Tromsø also became famous during World War II, when Germany’s largest battleship, the feared ‘Tirpitz’, was stationed at an island just outside the town, from where it threatened the entire North Atlantic. On 12 November 1944 the ‘Tirpitz’ was bombed by the RAF, and more than 1.000 sailors died in the capsized ship. The wreck was salvaged and sold as scrap after the war.

Northernmost post office, in Ny Alesund

Northernmost post office, in Ny Alesund

Norway was of great strategic importance for Germany during the Second World War, not only because of the rich deposits of iron ore, but also because the Allied convoys from the USA and Canada to Murmansk passed above the country. As a result units of the German Navy and Lufrwaffe were stationed along the Norwegian coast, sea battles took place in the Arctic waters and the town of Kirkenes, only 90 miles from Murmansk, was bombed many times by the Russian air force.

The damp and chilly bomb shelters that the people of Kirkenes dug out in the rocks under their hometown, give visiting tourists an impression of the hard times during the war.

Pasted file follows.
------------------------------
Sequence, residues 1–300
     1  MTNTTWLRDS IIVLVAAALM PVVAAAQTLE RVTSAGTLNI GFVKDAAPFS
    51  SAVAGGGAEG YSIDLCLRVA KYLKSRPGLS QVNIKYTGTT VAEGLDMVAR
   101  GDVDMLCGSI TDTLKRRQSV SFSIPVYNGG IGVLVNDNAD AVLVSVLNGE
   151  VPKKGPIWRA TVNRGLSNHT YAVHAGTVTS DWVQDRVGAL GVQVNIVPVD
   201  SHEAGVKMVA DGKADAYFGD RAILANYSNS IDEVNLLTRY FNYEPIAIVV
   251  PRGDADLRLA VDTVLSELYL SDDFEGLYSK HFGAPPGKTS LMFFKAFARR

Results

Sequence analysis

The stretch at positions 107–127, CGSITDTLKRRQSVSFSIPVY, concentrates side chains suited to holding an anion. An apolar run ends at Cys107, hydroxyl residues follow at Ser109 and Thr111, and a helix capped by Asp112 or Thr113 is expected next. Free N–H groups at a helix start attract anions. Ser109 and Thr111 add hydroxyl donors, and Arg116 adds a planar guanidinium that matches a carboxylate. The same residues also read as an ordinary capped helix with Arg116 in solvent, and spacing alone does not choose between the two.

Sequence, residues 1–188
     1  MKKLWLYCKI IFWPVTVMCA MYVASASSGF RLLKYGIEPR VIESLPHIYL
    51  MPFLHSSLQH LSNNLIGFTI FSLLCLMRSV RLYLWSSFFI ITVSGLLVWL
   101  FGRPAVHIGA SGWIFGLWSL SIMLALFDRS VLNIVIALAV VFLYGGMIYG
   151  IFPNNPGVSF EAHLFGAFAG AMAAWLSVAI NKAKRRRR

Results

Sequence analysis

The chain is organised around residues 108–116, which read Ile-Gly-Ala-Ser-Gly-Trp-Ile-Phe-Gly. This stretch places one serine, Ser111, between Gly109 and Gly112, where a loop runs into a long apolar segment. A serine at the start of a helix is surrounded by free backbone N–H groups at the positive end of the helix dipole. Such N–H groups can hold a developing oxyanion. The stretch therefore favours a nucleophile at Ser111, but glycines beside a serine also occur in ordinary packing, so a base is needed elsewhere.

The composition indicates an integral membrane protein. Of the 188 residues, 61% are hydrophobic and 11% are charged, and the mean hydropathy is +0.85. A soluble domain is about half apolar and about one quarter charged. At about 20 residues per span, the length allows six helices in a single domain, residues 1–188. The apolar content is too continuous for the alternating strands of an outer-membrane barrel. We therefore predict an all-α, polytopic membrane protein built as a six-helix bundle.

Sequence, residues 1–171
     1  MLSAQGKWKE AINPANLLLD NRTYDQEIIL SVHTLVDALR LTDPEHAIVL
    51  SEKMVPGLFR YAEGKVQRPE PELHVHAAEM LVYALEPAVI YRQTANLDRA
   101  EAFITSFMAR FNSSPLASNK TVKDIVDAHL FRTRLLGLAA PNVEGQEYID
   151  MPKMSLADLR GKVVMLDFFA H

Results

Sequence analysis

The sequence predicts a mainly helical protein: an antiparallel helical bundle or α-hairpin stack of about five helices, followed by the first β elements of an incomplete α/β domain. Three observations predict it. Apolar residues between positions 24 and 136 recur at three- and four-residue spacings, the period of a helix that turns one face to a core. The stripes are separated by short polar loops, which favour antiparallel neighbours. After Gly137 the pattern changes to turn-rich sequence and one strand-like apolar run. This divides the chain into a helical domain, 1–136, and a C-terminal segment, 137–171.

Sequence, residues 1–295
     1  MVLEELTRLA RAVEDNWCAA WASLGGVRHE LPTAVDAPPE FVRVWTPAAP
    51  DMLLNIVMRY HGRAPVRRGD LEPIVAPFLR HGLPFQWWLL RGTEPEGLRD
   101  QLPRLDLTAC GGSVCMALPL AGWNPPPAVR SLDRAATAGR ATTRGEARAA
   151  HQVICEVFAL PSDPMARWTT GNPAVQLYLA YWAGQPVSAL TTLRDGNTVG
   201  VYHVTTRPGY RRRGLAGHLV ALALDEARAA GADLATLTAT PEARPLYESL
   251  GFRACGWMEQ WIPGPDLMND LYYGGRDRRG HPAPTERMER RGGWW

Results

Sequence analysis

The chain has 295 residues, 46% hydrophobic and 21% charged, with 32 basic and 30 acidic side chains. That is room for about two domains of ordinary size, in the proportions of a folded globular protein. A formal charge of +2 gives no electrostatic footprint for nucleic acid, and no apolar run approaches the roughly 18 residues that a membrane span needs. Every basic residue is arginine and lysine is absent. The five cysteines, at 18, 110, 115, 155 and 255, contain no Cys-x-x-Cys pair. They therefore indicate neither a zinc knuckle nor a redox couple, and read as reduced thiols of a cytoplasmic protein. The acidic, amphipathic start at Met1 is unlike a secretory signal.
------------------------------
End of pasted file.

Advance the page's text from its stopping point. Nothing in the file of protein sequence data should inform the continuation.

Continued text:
As a fan of Edgar Allan Poe, I was particularly interested in the Lofoten islands and the ill-famed “Moscoe Strom,” the violent tidal currents between the islands, where Poe located his tale A Descent into the Maelstrom. The “Moscoe Strom” can reach speeds of 14 mph, which is indeed very dangerous for sailing ships, which gave it a fearful reputation among sailors from all over the world:

Flotte Upernavik, photo by Harald and Yvany Schmidt for Hurtigruten

Flotte Upernavik, photo by Harald and Yvany Schmidt for Hurtigruten

Aye, aye! and I’ll chase him round Good Hope, and round the Horn, and round the Norway Maelstrom, and round perdition’s flames before I give him up”(Captain Ahab in Moby Dick, Chapter 36).

However, Captain Roav Winther of the “Nordnorge” assured me that the maelstrom is not as deadly dangerous as described by Poe, Melville and Verne (in the final chapter of Twenty Thousand Leagues Under the Sea). But it is still a place that is avoided as much as possible by modern motorized ships, except by the Lofoten fishermen who are keen to catch the many fish, especially cod, that are brought in by the strong currents.

Travel the fjords

Travel the fjords